Virus and Grounded Plane Send Boeing into Second $2.4 Billion 2Q Loss

An American multinational plane manufacturer, Boeing is reporting a $2.4 billion loss for the second quarter due to the grounding of its 737 Max jet and the coronavirus pandemic.

The company on Wednesday said that revenue fell 25%, which is worse than analysts had expected.

Boeing CEO, David Calhoun said. “The reality is the pandemic’s impact on the aviation sector continues to be severe,” “This pressure on our commercial customers means they are delaying jet purchases, slowing deliveries, deferring elective maintenance, retiring older aircraft and reducing spend — all of which affects our business and, ultimately, our bottom line.”

Calhoun said it will take “around three years” to return to 2019 passenger levels. On Tuesday, an airline industry trade group IATA, said air travel won’t recover to pre-pandemic levels until at least 2024, a year longer than its previous forecast. The International Air Transport Association cited the inability of the United States and developing countries to contain the coronavirus.

So far this year, Boeing deliveries of new airliners are down to 71%. Boeing recorded 59 orders but 382 cancellations, mostly for the Max. Another 323 orders, also mostly for Max planes, were removed from Boeing’s backlog because of uncertainty about the deals going through.

The pandemic has compounded problems that began with its 737 Max airliner, which remains grounded after two crashes killed 346 people.

The second quarter would have been worse for Boeing if not for its defense and space business, which depends on contracts with governments and has been largely insulated from the pandemic. Revenue in that business was flat with a year ago.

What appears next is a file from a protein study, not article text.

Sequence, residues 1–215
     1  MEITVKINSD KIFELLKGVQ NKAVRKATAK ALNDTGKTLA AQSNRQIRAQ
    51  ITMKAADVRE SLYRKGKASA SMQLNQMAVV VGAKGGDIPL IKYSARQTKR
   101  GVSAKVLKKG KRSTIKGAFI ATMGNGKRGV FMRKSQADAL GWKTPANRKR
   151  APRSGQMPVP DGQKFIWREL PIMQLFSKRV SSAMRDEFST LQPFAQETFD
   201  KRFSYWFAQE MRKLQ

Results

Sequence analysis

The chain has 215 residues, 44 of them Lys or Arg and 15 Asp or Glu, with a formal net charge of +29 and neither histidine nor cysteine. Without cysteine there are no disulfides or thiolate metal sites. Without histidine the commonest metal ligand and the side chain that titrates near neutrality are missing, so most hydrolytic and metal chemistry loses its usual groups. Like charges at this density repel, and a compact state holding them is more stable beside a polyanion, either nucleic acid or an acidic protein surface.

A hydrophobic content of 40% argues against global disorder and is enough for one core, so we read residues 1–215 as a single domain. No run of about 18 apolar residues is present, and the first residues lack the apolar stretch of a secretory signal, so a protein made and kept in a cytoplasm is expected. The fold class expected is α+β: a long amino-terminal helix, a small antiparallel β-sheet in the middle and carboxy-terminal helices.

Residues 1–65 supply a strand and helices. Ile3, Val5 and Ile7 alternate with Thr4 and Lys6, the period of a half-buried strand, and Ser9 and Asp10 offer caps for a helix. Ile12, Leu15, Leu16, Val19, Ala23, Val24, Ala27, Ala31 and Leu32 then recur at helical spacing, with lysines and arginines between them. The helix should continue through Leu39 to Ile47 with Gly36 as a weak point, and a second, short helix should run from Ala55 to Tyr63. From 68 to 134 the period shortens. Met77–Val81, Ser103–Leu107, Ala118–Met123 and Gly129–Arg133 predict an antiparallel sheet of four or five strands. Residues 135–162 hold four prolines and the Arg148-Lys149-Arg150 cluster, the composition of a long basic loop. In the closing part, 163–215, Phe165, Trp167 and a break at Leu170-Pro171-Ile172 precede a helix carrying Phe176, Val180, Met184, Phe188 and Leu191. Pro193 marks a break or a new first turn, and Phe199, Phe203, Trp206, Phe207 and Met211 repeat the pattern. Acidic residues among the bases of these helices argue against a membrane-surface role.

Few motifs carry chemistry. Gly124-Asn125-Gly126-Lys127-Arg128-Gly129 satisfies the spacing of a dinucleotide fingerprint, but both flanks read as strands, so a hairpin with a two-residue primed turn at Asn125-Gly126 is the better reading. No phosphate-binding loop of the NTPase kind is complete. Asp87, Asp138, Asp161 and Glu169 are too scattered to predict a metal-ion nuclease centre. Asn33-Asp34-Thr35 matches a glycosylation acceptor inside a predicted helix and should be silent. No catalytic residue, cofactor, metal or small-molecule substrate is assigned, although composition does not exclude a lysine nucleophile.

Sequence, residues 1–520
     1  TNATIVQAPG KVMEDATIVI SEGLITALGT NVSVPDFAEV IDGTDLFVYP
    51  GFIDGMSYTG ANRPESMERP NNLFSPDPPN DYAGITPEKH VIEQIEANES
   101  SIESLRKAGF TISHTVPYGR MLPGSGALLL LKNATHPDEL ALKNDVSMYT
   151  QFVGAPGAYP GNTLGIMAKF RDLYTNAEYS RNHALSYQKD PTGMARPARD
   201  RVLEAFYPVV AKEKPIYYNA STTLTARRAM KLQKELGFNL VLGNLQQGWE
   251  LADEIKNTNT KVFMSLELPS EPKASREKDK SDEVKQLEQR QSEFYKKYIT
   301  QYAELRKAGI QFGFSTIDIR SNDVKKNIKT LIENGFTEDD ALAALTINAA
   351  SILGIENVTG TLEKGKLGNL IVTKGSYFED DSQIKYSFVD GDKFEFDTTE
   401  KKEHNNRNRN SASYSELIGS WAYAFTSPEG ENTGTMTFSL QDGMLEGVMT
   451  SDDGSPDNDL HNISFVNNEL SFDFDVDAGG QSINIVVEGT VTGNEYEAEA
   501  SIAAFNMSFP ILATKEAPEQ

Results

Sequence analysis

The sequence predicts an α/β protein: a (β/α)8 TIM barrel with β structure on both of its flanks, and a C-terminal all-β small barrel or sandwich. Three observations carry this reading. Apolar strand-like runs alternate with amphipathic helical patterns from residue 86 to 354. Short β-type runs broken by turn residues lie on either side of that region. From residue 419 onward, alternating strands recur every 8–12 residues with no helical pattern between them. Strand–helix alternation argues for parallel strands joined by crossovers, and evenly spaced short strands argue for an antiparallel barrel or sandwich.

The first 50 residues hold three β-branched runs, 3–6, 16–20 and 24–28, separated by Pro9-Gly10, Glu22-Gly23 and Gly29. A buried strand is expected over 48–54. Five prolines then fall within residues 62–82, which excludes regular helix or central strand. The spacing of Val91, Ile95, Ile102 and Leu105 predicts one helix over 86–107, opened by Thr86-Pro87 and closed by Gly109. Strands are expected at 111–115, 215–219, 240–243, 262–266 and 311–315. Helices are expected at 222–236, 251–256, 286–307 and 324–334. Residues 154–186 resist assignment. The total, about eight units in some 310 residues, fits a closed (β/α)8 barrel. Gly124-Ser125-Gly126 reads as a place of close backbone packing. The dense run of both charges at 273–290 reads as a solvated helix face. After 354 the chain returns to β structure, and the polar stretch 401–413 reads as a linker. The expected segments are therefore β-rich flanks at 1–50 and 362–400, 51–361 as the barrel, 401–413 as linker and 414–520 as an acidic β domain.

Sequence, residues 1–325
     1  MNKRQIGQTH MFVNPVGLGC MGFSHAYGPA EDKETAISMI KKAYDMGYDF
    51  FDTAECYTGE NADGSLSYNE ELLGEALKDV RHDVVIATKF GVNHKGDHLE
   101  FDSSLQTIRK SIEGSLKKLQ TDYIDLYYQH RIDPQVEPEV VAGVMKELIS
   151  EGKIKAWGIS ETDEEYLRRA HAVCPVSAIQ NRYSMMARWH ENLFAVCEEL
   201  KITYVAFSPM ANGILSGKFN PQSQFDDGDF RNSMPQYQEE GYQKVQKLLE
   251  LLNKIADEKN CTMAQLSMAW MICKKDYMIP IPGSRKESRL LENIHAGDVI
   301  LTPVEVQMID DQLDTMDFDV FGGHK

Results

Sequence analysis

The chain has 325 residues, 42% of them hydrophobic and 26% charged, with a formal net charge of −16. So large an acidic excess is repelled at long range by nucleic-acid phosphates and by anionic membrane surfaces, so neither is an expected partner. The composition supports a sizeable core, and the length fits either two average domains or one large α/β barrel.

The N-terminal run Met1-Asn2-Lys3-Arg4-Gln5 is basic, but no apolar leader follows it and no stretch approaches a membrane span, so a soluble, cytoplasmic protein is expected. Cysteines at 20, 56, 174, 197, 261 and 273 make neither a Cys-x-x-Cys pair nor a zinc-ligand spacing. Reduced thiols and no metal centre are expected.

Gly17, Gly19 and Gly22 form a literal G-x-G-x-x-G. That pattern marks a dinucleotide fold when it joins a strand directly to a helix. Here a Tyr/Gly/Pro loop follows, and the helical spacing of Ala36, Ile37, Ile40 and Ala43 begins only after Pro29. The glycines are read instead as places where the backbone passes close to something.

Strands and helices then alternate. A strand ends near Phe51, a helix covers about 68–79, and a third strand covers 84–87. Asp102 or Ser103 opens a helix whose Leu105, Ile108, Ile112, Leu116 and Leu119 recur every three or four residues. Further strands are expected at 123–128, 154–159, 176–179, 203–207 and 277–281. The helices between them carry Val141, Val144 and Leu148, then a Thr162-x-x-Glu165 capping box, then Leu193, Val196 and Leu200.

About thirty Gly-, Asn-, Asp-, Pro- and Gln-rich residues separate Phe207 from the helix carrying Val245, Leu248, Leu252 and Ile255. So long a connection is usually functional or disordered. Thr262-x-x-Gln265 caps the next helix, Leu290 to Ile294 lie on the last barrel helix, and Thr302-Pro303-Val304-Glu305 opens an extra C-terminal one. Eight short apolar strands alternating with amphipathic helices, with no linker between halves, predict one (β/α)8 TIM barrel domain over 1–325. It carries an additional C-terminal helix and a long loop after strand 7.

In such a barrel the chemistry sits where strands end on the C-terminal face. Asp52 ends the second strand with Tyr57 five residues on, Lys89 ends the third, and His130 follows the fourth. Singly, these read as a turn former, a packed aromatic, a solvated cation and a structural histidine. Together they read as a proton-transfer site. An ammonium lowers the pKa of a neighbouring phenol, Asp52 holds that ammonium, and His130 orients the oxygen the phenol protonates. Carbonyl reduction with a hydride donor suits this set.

Still, the company has been forced to lay off thousands of workers, cut spending, suspend its dividend. It also issued $25 in new debt on the private market, which avoided the need to take coronavirus-relief money from the federal government this spring.

The $2.40 billion loss included more than $1.3 billion in write-downs for production slowdowns, severance payments and temporary closures because of virus outbreaks in Boeing factories. It compared with a loss of $2.94 billion in the same quarter last year, when Boeing took a $5.6 billion charge to cover compensation it owes airlines for the grounding of their Max jets.

The company reported a loss per share, after special items, of $4.79. The average forecast of 20 analysts in a FactSet survey was a loss of $2.57 per share.

Revenue fell to $11.81 billion, down from $15.75 billion a year earlier. Analysts expected $12.95 billion, according to FactSet.

Boeing shares were up more than 1% about an hour before the opening bell.


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